When I was ten, my family moved abroad for three years. Our library had a small children’s fiction section in English. I read whatever I found there, but I also borrowed books from a school friend. Rather, I borrowed them from her mom, who had a shelf filled with Agatha Christie novels. By the time I turned twelve, The A.B.C. Murders was my favorite book. To say I enjoy an eclectic combination of literature would be an understatement, so picking a path wasn’t simple.
I live in Utah, the galactic center of children’s writers. Everywhere around me I see massive success on the national and international stages. People wonder why there’s so much children’s fiction from Utah. Several likely reasons: we have a lot of children. Parents are decidedly involved in their many kids’ educations—therefore for more years—so they read lots of youth fiction. The religious culture values pursuing God-given talents. For stay-at-home moms, writing is a talent easy to “justify.”
So, like so many locals, I considered writing for kids. I’d read to my own four kids every night. I knew what was being published. I knew what they’d read on their own. Heck, I’d edited a lot of what they read, when their publisher hired me, often on request.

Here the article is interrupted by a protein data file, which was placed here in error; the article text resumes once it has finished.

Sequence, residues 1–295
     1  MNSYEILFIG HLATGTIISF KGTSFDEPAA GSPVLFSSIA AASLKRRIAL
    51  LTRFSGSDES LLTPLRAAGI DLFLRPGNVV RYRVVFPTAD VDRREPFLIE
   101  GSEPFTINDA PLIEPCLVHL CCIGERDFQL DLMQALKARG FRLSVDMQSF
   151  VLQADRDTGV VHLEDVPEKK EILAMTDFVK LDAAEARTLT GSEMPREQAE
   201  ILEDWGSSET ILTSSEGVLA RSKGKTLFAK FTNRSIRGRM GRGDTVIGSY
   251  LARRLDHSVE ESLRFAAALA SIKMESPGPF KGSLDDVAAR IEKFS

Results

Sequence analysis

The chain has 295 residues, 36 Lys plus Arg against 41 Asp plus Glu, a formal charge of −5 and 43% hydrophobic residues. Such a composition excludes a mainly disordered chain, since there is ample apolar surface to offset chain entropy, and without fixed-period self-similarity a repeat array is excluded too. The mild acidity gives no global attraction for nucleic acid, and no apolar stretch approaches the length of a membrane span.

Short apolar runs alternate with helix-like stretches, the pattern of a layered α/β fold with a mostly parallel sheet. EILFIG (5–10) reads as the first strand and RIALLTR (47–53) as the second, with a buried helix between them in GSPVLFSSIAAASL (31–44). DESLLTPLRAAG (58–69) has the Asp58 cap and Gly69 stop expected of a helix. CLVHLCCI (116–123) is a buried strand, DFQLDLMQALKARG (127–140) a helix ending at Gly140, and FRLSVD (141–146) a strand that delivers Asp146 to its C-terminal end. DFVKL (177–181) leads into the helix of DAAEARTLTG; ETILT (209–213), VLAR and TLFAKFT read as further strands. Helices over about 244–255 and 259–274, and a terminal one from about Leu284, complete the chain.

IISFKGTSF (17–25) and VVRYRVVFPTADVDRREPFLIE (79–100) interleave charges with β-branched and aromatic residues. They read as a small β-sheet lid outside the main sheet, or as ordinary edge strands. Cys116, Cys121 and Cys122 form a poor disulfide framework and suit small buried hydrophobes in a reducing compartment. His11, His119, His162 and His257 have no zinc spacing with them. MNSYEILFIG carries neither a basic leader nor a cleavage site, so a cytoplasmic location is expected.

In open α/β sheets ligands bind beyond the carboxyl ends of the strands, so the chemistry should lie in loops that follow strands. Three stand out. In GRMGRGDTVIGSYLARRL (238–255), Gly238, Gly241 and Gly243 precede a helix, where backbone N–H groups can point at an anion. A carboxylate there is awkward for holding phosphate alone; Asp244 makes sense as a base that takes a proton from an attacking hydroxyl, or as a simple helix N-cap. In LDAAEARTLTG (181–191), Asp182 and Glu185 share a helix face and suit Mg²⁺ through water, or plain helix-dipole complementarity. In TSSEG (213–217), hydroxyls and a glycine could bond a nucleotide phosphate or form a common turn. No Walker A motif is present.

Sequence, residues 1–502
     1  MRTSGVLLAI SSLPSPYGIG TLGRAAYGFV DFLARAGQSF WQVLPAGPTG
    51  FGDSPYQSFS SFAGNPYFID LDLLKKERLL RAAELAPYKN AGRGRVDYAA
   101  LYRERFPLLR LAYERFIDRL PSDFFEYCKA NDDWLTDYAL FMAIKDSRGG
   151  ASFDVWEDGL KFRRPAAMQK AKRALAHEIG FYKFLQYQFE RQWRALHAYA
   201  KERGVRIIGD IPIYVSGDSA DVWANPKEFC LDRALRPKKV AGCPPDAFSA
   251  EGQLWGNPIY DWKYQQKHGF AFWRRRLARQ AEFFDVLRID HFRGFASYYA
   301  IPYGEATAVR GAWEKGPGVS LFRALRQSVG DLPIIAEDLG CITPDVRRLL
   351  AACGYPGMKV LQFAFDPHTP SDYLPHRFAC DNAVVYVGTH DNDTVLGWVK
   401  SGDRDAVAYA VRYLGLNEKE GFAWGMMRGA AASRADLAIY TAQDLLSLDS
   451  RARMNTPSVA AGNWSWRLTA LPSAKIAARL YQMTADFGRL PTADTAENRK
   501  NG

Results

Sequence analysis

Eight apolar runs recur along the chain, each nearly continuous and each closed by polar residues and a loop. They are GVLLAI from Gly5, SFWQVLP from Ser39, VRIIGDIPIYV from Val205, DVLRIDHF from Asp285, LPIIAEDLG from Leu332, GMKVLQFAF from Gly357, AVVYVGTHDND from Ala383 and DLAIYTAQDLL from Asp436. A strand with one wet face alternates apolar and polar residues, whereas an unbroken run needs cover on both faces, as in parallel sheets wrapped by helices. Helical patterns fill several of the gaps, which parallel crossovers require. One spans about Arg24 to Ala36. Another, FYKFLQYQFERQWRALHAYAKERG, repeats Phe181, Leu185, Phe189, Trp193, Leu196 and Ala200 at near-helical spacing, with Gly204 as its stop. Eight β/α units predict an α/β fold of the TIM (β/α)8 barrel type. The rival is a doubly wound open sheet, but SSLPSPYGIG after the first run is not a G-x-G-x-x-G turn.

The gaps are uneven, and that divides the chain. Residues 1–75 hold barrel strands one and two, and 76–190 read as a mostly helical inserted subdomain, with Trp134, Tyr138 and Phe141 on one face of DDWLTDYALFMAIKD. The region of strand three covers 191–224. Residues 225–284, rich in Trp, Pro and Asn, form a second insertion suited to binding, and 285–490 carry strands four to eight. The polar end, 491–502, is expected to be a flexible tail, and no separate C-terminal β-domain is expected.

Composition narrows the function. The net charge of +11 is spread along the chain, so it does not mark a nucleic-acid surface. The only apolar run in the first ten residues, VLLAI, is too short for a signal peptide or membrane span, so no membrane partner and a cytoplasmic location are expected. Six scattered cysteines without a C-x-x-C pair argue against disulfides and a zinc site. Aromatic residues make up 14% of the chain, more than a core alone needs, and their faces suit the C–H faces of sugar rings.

Children’s writers are so lauded locally that it’s bizarre to hear stories from outside my Rocky Mountain bubble, where those writers are looked down on. In Utah, the opposite is true: no one knows or cares who you are unless you write for kids, with two exceptions: if you write sweet romance, or if you write fantasy for adults (see: Brandon Sanderson).
But children’s fiction didn’t call to me. So I debated writing sweet romance exclusively. Nope. Not my passion either.
I finally asked myself a variation of the question posed to me: What genre has had the biggest impact on me? The answer was clear: women’s fiction with deep, emotional stories. If there’s a bad guy and a twist, even better.
I dove into women’s fiction. That’s what “they” say to do, right? Write what you’re most passionate about, and it’ll find a home. At the time, the women’s fiction market was dead compared to the YA boom. Agents who said they represented women’s fiction didn’t take on much. They wanted things like the writers around me were publishing: Matched, Paranormalcy, The Princess Academy, Dragon Sippers, The False Prince, The Maze Runner, Fablehaven, Twilight (Meyer isn’t Utahn, but she has the same religious ties, so we claim her), and more.
Seeing as I’m not moving anytime soon, deciding to pursue something else was risky and took no small amount of courage. Writing for adults meant fans forgetting who I am and colleagues never respecting me.